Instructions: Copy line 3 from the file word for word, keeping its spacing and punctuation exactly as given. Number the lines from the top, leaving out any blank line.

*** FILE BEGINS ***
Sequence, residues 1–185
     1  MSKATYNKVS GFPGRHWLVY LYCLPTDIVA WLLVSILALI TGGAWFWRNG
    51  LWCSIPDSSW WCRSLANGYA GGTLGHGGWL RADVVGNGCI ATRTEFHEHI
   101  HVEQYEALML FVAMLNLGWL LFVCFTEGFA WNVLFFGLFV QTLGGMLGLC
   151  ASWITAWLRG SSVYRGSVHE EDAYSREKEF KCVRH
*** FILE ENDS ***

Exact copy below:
    51  LWCSIPDSSW WCRSLANGYA GGTLGHGGWL RADVVGNGCI ATRTEFHEHI